Harry Bolman, a 53-year-old vegan, recently caused an uproar when he posted a video of his cat, Uma, eating vegan meals on social media. Bolman, who lives on the Gold Coast of Australia, says that Uma loves eating plant-based food and chows it down as soon as he puts it in front of her. However, the pet owner has received backlash from his post from people who are concerned that his cat should not have a vegan diet. Some people have even claimed that he is cruel and depriving her of the proper diet that she needs to survive and maintain good health. So, is a vegan diet a sensible thing for a cat to eat or could it potentially cause harm?
In the wild, cats are carnivorous creatures. They hunt for their prey and then eat both the flesh and the bones of the animal they have caught. In many cases, they will also wolf down the fur or the feathers of their victim. Naturally, a cat can live quite safely on a protein-rich diet as their bodies do not digest food in the same way as humans. They do not need all the extra nutrients that humans do as they get enough nutrients from their meat-based diet.
In some cases, wild cats will eat grass although it is not believed that they need to do so for nutritional purposes. Often, a cat will eat grass simply to activate their gag reflex when they are trying to bring up hairballs that are making them feel uncomfortable.
Manufactured pet foods will often include a wide range of ingredients in addition to meat, which is generally the main ingredient. These often include a selection of vegetables and legumes. Some would argue that this is humans’ way of trying to make a cat’s diet more like the typical human diet.
Of course, now that vegan cats and dogs are becoming a thing, it is setting off a huge debate about whether it is ethical and safe to force an animal to eat a diet that is so far from their natural diet. There are arguments both for and against vegan diets for cats.
On the one hand, there are supporters of giving cats a vegan diet. The owners of these cats are often vegan themselves and want to reduce the amount of meat eaten to prevent the killing of animals. The argument for vegan diets is that vegetables do not do cats any harm and will still provide them with the wide range of nutrients that they need.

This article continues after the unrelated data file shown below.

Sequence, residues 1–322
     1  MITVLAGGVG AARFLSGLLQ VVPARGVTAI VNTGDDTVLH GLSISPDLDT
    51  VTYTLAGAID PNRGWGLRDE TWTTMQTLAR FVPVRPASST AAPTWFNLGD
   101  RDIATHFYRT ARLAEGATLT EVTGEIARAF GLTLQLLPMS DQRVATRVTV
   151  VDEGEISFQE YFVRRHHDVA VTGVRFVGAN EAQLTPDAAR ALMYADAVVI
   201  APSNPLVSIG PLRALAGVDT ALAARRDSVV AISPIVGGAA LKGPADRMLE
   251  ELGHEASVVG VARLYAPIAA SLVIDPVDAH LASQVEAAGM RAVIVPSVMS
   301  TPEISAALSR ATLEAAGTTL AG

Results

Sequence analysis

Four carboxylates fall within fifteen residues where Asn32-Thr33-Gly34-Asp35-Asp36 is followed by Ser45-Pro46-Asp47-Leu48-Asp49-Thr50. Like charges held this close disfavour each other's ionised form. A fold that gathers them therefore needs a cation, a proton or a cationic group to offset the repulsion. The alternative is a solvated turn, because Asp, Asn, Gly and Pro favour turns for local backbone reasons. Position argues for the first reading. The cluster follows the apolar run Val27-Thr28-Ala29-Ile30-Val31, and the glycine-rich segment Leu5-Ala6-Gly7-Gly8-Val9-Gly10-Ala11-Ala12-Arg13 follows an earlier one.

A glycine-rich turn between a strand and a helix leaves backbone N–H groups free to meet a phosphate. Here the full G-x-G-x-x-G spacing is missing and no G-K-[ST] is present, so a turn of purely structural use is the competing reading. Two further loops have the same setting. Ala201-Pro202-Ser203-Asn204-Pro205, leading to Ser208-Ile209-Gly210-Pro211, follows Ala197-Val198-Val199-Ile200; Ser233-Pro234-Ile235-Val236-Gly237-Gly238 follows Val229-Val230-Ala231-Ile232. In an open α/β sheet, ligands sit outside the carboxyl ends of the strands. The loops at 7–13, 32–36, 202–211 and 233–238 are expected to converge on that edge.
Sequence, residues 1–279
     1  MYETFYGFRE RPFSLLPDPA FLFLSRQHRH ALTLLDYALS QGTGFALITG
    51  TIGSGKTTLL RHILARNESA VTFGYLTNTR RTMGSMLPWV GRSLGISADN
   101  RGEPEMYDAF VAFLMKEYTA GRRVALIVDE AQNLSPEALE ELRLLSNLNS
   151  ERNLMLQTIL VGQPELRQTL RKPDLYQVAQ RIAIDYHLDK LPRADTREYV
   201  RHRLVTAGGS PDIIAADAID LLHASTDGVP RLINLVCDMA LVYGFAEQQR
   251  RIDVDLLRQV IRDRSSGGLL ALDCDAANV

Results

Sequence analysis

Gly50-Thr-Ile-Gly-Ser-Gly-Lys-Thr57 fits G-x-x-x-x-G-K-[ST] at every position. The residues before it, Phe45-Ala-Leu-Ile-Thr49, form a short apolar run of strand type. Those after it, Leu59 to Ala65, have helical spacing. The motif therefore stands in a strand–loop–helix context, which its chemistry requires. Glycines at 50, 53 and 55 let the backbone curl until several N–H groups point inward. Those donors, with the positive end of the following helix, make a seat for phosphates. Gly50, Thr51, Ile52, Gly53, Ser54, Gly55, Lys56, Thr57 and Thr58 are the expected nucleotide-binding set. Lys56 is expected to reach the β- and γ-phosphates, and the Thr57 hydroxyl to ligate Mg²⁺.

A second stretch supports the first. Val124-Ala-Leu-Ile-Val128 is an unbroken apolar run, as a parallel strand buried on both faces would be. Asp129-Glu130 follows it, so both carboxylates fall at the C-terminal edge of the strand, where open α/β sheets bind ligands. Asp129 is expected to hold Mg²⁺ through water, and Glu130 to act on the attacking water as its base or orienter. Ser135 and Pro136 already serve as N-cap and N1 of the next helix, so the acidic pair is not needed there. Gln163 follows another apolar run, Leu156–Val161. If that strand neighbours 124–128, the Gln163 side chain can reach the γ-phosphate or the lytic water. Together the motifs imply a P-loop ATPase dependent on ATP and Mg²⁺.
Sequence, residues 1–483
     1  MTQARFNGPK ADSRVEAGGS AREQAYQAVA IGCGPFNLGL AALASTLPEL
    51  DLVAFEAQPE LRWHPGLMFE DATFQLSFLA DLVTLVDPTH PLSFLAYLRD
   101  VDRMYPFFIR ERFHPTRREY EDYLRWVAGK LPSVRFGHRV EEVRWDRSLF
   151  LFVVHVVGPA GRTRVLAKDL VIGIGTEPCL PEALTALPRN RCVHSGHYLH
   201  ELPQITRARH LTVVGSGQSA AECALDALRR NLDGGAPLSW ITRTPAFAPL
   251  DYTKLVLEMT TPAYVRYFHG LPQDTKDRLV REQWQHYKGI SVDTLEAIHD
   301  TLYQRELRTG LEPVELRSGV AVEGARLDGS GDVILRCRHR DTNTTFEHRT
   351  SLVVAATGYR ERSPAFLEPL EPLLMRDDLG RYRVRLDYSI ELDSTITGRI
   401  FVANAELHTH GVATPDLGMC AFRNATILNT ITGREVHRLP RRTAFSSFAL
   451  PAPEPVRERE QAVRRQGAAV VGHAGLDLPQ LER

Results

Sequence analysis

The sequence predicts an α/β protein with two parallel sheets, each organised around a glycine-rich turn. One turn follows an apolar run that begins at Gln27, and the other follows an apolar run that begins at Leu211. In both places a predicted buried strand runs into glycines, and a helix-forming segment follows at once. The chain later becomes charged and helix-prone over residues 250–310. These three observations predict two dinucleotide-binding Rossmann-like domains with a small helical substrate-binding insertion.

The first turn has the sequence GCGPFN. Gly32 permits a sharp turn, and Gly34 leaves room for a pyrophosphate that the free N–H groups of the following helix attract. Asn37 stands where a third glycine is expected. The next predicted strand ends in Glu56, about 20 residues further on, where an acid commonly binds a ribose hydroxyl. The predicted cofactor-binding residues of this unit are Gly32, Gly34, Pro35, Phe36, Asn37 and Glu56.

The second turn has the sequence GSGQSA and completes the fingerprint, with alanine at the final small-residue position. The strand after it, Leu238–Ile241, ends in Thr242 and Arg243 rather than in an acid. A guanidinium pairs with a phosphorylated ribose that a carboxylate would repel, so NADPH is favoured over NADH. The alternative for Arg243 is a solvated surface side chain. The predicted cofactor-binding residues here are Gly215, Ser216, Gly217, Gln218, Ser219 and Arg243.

However, those who are against vegan diets beg to differ and offer several arguments against such a diet for animals. The first argument is that they believe it is unethical of a cat owner to force a cat to eat a diet that is so far away from their natural diet based on their own beliefs.
Secondly, there are people who argue that because the diet is so different to what a cat would eat in the wild, it cannot possibly be providing them with the nutrition they need to maintain health and survive. In support of their argument, they say that cats eat meat for a reason and to deprive them of this is unfair.
A further argument is that it is almost impossible for a cat owner to sustain such a diet, especially if the cat spends time outdoors. Regardless of the ethical beliefs of their owners in terms of eating meat, cats have a natural hunting instinct. If they are not being given the meat they need at home, they will go out and hunt for it. This may mean catching birds or mice to eat, or it might mean they scavenge in bins.
In the case of the latter, scavenging is a potentially unhealthy practice for any animal. The food in the trash is often rotten or contaminated and this can lead to the cat suffering from infections or digestive problems. With this in mind, it seems unfair to force a cat into a situation where they have to eat rotten food to get what their owners are not giving them.
In most cases, experts recommend that cat owners do not feed their pets a vegan diet, regardless of their personal beliefs about eating meat. If an owner goes against this advice, it is essential that they fully research the dietary requirements of a cat to ensure they can provide the nutrients they need to maintain health in an alternative form.